Make entries to record the depreciation in your accounting records and reflect the actual utility of your assets.

Example of an adjusting entry for depreciation

Say your company purchased a delivery truck for $20,000 that has an expected useful life of five years. This means that you can use the truck for five years before it becomes completely unusable and has no value left.

To account for the wear and tear of the truck over time, you need to record an adjusting entry at the end of each accounting period. Assuming you can’t salvage the value of the truck at the end of five years (by reselling), you can calculate per-year depreciation by:

$20,000 / 5 years = $4,000 per year

Here’s how its adjusting depreciation entry will look:

Account name



Depreciation expense



Accumulated depreciation (delivery truck)



Step 4: Record all accrued expenses

Business activity does not always fit tidily into an accounting period, but you still need to account for all expenses incurred. Adjusting entries are made for such expenses as well.

For example, the electricity bill that’s only received halfway through the next month, or an employee who has worked in the past month but will not be paid until the first week of next month. You will need to accrue all those expenses as they belong to the previous period. These are a few forward-thinking adjustments that make your financial records more accurate and reliable.

Pro tip

In modern accounting systems, you can make adjusting entries, such as accrued expenses and depreciation, in their specific module within the software, and all the changes are updated on the general ledger automatically and even reflected in auto-generated financial statements.

Step 5: Prepare a trial balance

A final check of an accurate and ordered bookkeeping system is the trial balance. It compiles all ledger entries into two columns, debits on one side and credits on the other.

 Prepare a trial balance and make sure these totals match up when compared to each other. If they do, you can say that your records are in order. However, if they don't, go back and recheck your records so nothing slips through unnoticed.

Did you know?

Trial balance only verifies the mathematical accuracy of the general ledger. It is still possible for errors to exist in the recording of transactions and classification of accounts, among other things.

Screenshot of a trial balance generation in software

Screenshot of a trial balance generation in software (Source)

Step 6: Generate financial statements

Once you’ve tracked and corrected any errors in the trial balance, you are ready to prepare financial reports, such as P&L statements and balance sheets. These reports will provide an inside look at the business's performance over the accounting period for internal team members and external stakeholders alike.

Pro tip

While accounting software can be sufficient for generating basic financial statements, financial reporting tools can provide an invaluable level of insights for businesses of all sizes. These tools have powerful analytical capabilities, such as ratio analysis, forecasting, and trend analysis, to give you a comprehensive look at your business's fiscal health through customizable dashboards, allowing for more sophisticated reporting.

Step 7: Close temporary accounts

The final step in the close process is to get your general ledger ready for the next accounting period. This involves making closing entries to your temporary accounts, namely revenue and expense accounts, and transferring their balance (net income or loss) to the retained earnings account, which is a permanent account.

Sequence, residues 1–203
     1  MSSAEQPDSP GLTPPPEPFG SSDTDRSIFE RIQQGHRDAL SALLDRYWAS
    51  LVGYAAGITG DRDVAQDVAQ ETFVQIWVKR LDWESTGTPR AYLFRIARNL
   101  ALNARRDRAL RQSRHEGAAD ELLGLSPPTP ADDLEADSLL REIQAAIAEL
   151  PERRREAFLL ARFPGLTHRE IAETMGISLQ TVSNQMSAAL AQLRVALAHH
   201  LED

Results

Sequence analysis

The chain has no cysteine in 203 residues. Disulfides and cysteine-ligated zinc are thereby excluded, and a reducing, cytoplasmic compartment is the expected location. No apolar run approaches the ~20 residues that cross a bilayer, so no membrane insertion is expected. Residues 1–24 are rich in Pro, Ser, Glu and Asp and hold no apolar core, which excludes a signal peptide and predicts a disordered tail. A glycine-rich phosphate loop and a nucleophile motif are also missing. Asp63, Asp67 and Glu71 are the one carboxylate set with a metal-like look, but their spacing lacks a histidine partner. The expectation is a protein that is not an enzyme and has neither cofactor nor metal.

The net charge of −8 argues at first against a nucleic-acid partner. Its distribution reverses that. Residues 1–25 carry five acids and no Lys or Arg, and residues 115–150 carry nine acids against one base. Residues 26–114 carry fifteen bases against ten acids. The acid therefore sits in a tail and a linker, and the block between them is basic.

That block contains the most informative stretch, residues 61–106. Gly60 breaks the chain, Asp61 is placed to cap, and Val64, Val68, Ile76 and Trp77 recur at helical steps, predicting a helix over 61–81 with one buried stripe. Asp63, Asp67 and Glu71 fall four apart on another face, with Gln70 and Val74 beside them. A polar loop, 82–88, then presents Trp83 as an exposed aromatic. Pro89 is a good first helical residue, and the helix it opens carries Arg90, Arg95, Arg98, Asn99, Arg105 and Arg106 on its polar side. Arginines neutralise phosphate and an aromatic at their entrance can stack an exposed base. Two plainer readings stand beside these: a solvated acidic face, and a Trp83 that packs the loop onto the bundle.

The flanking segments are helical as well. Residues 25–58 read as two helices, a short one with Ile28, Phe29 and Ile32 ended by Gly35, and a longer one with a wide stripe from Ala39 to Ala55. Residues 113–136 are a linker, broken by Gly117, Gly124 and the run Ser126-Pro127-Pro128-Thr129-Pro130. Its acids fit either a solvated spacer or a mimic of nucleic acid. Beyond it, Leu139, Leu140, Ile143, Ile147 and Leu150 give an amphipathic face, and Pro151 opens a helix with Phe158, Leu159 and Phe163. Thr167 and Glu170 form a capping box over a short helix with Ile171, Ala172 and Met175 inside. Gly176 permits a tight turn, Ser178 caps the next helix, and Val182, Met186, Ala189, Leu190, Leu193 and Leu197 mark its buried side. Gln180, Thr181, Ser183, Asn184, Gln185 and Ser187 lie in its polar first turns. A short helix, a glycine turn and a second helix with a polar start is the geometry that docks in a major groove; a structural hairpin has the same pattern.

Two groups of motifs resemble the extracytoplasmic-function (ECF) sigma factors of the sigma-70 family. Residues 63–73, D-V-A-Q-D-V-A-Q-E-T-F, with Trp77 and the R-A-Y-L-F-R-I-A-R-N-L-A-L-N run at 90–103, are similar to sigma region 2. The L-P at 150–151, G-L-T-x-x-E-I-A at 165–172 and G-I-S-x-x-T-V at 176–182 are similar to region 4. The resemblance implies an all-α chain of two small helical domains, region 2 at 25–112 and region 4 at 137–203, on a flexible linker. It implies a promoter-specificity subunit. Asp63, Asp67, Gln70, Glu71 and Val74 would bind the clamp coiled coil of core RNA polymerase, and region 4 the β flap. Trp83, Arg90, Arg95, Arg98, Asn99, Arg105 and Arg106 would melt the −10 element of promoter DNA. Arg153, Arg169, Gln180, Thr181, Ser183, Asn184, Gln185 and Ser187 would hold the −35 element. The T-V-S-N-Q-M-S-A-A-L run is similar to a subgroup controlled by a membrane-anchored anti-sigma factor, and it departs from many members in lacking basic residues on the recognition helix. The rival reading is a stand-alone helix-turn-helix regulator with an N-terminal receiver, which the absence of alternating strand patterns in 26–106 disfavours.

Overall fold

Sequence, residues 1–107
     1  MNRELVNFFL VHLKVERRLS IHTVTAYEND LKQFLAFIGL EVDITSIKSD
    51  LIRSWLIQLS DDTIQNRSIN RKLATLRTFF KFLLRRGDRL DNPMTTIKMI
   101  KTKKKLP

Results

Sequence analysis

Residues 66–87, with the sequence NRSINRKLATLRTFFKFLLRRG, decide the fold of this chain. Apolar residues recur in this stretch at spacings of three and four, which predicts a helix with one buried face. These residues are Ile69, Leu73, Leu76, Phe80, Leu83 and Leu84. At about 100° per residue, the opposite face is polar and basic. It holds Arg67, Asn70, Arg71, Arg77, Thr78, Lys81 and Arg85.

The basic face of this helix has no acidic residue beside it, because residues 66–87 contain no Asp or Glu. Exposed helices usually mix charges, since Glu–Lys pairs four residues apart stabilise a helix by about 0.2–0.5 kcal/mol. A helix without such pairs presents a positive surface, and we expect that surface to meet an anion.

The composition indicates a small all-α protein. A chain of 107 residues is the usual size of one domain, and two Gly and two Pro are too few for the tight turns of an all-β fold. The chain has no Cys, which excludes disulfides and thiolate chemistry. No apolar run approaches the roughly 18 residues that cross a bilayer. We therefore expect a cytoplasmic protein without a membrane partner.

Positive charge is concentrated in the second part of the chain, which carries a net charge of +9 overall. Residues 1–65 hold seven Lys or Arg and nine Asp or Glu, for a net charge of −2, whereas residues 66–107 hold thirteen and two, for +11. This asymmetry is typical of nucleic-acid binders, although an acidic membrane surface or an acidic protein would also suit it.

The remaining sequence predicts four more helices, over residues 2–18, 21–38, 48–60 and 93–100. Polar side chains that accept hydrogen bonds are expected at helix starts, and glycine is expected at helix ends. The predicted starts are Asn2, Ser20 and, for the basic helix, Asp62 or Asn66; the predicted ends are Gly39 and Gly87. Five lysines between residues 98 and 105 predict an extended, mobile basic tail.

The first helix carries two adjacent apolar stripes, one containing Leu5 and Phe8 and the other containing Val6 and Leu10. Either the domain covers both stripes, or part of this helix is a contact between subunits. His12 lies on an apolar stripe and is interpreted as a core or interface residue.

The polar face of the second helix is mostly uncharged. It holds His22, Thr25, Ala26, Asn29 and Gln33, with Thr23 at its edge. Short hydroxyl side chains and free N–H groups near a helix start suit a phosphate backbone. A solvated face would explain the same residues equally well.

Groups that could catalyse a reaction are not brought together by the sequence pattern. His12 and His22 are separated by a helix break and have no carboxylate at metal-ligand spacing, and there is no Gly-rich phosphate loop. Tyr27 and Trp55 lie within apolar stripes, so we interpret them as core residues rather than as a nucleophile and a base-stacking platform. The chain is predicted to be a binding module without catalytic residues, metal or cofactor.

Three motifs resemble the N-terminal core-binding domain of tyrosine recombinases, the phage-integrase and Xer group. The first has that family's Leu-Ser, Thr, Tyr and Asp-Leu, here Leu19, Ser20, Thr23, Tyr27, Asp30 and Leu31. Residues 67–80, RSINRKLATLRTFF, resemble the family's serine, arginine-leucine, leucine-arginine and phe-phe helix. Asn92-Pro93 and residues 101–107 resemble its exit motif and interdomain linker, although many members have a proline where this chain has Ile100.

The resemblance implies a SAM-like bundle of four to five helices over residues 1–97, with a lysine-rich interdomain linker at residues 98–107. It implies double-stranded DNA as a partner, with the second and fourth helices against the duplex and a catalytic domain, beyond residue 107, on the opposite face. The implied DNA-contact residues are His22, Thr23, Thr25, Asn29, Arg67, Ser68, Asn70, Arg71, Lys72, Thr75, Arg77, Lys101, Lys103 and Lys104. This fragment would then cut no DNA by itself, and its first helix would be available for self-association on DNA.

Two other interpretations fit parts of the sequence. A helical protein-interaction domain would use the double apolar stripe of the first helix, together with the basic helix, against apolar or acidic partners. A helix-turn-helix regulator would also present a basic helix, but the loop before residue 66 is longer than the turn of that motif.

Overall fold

Doing this ensures the temporary accounts have a zero balance while updating the permanent accounts with net income or loss. The process of transferring the balance from temporary to permanent accounts is called making closing entries.

For instance, if the total revenue for a period is $10,000 and the total expenses are $8,000, you would create a journal entry to credit the revenue account for $10,000 and debit the expense account for $8,000. The difference, which is $2,000 in this example, would be credited to the retained earnings.

Some best practices of a fast accounting close

Gartner research shows that for every quarter, the fastest 25% of companies close their books in five days, while the slowest can take 11 days or longer [3]. Regardless of how often (monthly, quarterly, or yearly) one closes the books, all high-velocity closes implement similar initiatives.

From the playbook of those fast-closing organizations and Sandeep’s [2] experience, here are some strategies and suggestions for small businesses.

  • Implement a cloud-based accounting system to manage financial transactions and records, generate financial statements, and provide easy access to financial information to internal stakeholders in real time.

  • Use a modern enterprise resource planning (ERP) solution to integrate various business functions and provide information across all operations, including finance, inventory management, procurement, sales, and customer relationship management, to accounting.

  • Push noncritical work outside of the close and reserve the close period for only essential tasks.

  • Map your close process and develop a checklist to ensure that all necessary tasks are completed in a timely and efficient manner.

Develop an accounting close checklist and make it work for you

For small businesses to streamline accounting close processes and maximize efficiency, a systematic approach should be implemented. Crafting a checklist of all necessary tasks that need to be performed during the closing process can help ensure you don't overlook any step.

To get started, Sandeep Gill [2] has provided some helpful guidance with a general SMB close checklist that can be tailored to meet your unique business needs.

Period-end book-closing checklist for accountants graphic

Note: The applications selected in this article are examples to show a feature in context and are not intended as endorsements or recommendations. They have been obtained from sources believed to be reliable at the time of publication.